Eddie Brill, the man in charge of booking comedians for David Letterman, was the subject of a New York Times profile a few days ago, where – almost as an aside – he was asked to deal with the question of why the show only booked one female comedian last year. His response was:

There are a lot less female comics who are authentic. I see a lot of female comics who to please an audience will act like men.

This was actually sort of mild by the standards of some of the things that are said about women in comedy, but it wasn’t a great choice of words in responding the (accurate) charge that late-night comedy has a problem hiring female comics and writers. So now Brill has been removed from power, and will stay on only as a warm-up comedian.

As the second piece mentions, Brill commented on this Mirth magazine post and claimed that his words had been taken out of context (“I wasn’t talking about all female comics or female comics in general. I was talking about a couple of comics the writer had brought up to me”) as well as claiming that the writer of the article had it in for him, though that would make more sense if it hadn’t been for his generalized claim that there are “a lot less” female comics who are authentic. He also claims that he’s being singled out for a problem that is just as bad on other talk shows (and that one is true enough).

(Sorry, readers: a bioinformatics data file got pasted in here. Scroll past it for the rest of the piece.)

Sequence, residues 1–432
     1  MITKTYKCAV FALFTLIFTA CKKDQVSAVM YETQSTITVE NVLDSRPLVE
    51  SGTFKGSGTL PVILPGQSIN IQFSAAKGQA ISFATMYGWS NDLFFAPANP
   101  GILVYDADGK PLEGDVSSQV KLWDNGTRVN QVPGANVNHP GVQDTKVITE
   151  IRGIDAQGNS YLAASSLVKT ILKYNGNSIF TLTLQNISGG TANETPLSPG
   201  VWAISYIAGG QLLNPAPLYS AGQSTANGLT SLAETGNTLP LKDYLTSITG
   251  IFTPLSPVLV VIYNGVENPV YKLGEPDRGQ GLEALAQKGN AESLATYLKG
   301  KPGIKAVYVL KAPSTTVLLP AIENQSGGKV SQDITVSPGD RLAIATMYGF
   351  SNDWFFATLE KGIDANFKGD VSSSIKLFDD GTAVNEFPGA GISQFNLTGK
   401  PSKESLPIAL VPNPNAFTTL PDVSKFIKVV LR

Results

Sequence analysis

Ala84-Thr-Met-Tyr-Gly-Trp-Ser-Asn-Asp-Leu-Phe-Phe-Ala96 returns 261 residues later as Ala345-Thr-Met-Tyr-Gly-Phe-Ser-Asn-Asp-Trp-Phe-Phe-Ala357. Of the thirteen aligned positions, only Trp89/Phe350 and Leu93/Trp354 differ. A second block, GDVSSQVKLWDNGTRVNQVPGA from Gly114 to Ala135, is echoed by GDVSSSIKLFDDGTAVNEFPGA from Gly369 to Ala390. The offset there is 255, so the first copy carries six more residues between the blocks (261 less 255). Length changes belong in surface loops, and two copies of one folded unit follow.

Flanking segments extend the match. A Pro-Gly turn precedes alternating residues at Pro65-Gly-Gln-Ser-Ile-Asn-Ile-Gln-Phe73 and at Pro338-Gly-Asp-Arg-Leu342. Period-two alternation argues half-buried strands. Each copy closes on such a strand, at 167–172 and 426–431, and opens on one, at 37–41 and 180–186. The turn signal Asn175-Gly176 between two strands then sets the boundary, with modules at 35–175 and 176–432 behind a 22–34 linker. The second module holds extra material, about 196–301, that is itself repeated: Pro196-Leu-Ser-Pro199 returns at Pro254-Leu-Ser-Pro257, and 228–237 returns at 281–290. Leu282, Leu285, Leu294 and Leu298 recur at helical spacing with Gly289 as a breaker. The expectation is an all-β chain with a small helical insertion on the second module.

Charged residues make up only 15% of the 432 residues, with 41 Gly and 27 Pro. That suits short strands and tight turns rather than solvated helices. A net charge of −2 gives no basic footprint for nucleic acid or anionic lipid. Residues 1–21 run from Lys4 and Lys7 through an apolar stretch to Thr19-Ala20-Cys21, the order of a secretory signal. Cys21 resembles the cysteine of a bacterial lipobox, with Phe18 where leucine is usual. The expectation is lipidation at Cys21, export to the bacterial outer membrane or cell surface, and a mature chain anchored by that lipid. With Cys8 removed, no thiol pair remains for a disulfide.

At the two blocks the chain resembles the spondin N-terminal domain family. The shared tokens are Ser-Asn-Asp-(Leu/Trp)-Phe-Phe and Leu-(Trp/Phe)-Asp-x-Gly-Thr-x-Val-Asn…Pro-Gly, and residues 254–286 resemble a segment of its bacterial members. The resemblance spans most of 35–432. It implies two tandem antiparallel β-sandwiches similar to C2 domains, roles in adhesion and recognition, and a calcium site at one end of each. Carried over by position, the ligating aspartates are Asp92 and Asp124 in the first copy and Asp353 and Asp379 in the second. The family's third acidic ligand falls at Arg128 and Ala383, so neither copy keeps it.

The post, by Larry Getlen, has some good things to say about the concept of “authenticity” in comedy, though it seems like he’s a bit too quick to say that there’s been some kind of authenticity revolution in the online era; the fact that people talk more about themselves could just as easily be balanced by the fact that we’re trained to adopt public personas from an early age.

Also, this doesn’t have anything to do with Brill, but Getlen’s point about Letterman – that he actually wants to cultivate an old-fashioned, slightly out-of-touch image – is an interesting one. Most comedians Letterman’s age (or much younger) wind up sounding old-fashioned, but it sometimes seems like Letterman aggressively works at it. His material is written to make him sound like a guy who is proud of being old and cranky. This is better for a comedian than sounding old and cranky while trying to be hip.

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